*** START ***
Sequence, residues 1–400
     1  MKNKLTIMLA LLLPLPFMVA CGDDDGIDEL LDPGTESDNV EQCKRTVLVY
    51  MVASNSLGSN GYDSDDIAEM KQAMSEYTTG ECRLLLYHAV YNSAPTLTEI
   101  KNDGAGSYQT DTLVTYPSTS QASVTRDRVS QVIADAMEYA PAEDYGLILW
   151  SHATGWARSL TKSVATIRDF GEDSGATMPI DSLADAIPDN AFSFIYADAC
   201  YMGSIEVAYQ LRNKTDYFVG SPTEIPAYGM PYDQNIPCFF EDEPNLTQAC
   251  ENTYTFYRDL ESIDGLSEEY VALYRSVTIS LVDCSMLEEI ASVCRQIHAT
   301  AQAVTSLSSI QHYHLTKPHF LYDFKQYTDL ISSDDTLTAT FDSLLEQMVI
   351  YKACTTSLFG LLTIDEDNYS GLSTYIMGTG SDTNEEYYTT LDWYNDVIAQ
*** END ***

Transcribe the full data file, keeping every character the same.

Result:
Sequence, residues 1–400
     1  MKNKLTIMLA LLLPLPFMVA CGDDDGIDEL LDPGTESDNV EQCKRTVLVY
    51  MVASNSLGSN GYDSDDIAEM KQAMSEYTTG ECRLLLYHAV YNSAPTLTEI
   101  KNDGAGSYQT DTLVTYPSTS QASVTRDRVS QVIADAMEYA PAEDYGLILW
   151  SHATGWARSL TKSVATIRDF GEDSGATMPI DSLADAIPDN AFSFIYADAC
   201  YMGSIEVAYQ LRNKTDYFVG SPTEIPAYGM PYDQNIPCFF EDEPNLTQAC
   251  ENTYTFYRDL ESIDGLSEEY VALYRSVTIS LVDCSMLEEI ASVCRQIHAT
   301  AQAVTSLSSI QHYHLTKPHF LYDFKQYTDL ISSDDTLTAT FDSLLEQMVI
   351  YKACTTSLFG LLTIDEDNYS GLSTYIMGTG SDTNEEYYTT LDWYNDVIAQ